When chromated copper arsenate (CCA) was withdrawn from the residential market in 2003, the chemical industry responded by introducing wood-treating formulas that still contained copper, but that replaced the arsenic and chromium with other, less-harmful active ingredients. These formulas have now had more than 10 years to prove themselves in the U.S. market—time enough for suppliers and builders to assess the performance of lumber treated with them. The good news? It performs pretty well, both in long-term scientific tests and on decks in the field. The bad news? There have been a few complaints and reported failures. Some users have reported premature decay, particularly in severe exposures or in ground-contact situations.

According to some in the industry, the reported performance issues don’t reflect a problem with the new formulas, which have all passed a long gauntlet of testing designed to establish their efficacy. Instead, the problem is one of “misapplication” by end users: Lumber that’s treated—and only rated for—above-ground use is being put into contact with the ground. But at least one wood treater thinks the industry should make sure this can’t happen—by treating most lumber to ground-contact retention levels, as was done with CCA.

Higher Retention Levels Proposed

Maine businessman Harold “Hal” Bumby is a third-generation wood treater. His father and grandfather ran a treating company in Minneapolis, Minn., and Bumby grew up in the family business. In the 1980s, he moved to Maine to start his own wood treating company, Maine Wood Treaters (mainewoodtreaters.com), in Mechanic Falls. Bumby treats southern pine and native Maine hemlock (he has, among others, the contract to treat the Maine Department of Transportation’s 4x6 hemlock signposts).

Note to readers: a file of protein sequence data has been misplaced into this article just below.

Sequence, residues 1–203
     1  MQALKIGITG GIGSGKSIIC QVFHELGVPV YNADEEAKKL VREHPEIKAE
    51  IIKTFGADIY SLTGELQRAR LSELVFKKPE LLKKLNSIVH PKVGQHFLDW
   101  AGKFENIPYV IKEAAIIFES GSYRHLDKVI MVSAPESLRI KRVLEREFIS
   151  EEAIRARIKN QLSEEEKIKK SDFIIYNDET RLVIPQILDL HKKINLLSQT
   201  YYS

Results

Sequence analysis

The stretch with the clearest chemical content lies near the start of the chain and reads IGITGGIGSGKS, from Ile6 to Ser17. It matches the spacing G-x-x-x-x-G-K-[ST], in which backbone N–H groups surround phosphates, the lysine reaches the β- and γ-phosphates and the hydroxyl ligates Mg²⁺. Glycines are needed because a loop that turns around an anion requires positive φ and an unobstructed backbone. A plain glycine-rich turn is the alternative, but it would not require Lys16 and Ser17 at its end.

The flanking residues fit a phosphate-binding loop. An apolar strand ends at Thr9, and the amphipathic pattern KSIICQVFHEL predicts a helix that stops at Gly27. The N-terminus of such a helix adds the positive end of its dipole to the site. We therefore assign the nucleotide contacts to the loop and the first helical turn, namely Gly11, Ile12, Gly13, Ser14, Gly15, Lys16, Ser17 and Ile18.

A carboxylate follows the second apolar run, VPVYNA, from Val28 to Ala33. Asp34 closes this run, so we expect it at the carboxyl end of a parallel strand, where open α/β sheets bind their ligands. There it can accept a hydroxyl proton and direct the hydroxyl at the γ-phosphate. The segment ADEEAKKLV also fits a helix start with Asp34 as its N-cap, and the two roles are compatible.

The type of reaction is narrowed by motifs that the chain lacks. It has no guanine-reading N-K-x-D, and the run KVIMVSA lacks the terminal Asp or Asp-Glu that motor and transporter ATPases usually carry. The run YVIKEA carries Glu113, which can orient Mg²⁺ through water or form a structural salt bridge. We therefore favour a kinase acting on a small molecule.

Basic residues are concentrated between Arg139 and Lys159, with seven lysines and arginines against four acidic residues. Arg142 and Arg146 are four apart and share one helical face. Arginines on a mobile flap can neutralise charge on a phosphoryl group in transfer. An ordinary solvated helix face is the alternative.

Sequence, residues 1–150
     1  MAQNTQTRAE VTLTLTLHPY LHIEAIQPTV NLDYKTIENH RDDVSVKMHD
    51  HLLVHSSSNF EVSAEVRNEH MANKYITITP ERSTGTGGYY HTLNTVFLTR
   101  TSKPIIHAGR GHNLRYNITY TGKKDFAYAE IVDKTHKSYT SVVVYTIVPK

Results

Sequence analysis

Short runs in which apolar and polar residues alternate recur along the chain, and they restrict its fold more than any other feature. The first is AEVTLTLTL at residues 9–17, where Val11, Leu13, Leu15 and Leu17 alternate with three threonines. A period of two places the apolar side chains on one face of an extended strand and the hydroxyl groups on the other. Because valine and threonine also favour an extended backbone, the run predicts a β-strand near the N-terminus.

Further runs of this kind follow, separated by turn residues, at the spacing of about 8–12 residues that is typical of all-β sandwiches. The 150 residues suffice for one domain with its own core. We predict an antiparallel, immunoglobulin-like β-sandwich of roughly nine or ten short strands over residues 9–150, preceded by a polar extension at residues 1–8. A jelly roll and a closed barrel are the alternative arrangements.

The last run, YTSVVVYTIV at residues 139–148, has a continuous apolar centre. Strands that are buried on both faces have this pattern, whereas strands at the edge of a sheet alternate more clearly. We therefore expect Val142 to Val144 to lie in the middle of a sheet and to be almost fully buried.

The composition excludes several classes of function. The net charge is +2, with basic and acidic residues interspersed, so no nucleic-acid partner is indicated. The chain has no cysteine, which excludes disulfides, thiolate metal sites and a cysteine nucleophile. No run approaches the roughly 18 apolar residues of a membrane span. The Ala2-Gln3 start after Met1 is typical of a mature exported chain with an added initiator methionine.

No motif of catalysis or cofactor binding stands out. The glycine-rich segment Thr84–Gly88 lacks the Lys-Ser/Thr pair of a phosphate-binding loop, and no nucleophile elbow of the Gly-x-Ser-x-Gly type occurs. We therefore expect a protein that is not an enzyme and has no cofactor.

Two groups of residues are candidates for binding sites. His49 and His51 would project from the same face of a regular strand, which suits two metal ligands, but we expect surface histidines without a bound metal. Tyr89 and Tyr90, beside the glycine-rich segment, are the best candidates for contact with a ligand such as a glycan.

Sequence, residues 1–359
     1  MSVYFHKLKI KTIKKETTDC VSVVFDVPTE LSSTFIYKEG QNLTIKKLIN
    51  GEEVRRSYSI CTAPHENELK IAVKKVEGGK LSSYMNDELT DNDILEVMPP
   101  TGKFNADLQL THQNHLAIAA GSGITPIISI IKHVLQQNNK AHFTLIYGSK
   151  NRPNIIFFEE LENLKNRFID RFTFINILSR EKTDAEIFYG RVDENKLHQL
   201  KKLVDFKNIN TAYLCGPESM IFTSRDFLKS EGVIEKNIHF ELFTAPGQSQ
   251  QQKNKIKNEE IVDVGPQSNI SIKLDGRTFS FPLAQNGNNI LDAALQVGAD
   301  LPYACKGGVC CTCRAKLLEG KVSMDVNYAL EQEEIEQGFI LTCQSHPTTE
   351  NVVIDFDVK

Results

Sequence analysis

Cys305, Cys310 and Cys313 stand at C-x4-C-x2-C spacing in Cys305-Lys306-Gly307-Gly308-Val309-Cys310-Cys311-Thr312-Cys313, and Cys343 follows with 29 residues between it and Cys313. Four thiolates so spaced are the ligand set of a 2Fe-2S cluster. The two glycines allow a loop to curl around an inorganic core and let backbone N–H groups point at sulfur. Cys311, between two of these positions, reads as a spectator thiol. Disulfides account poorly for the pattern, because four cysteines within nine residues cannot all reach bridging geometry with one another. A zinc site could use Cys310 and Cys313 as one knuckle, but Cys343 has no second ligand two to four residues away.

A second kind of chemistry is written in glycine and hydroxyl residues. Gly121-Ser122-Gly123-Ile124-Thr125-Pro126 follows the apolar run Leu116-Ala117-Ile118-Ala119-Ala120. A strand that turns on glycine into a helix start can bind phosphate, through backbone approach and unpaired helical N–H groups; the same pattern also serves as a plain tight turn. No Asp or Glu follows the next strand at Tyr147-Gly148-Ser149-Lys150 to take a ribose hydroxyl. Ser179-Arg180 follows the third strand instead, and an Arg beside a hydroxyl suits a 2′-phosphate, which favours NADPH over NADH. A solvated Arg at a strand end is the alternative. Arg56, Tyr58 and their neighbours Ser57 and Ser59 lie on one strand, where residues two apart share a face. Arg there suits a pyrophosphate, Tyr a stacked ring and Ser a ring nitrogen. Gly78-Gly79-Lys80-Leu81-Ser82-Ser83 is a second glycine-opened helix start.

At a meeting of the American Wood Protection Association (AWPA; awpa.com) Technical Committee in Portland, Maine, in September 2014, Bumby raised the issue of reported failures of treated wood. He suggested that the industry take the same approach his father and grand­father took: Stop treating wood for above-ground use and treat all wood—posts, dimensional framing lumber, and decking included—for ground contact. While that idea didn’t fly with the committee, they did agree to form a task group to study a more modest proposal to change the treating standards so that all lumber sized 2x8 and wider would be treated to ground-contact levels. This would ensure that the lumber that’s commonly placed in critical structural applications would carry enough treating chemical to stand up to harsh conditions.

“Don’t get me wrong. There aren’t many problems—there are very few,” Bumby told me after the meeting. “But with CCA, there used to be none. That’s because we only sold one product, and it was a general-use product: ground-contact-rated lumber. I don’t want there to be a few problems. I want there to be none.”

While executives at the treating-chemical suppliers are reluctant to talk on the record about failure issues, privately many of them support Bumby’s idea. In fact, insiders say there’s a good chance that a rule requiring all framing lumber 2x8 and wider to be treated for ground-contact use is likely to pass the AWPA by spring and be fully implemented by 2016.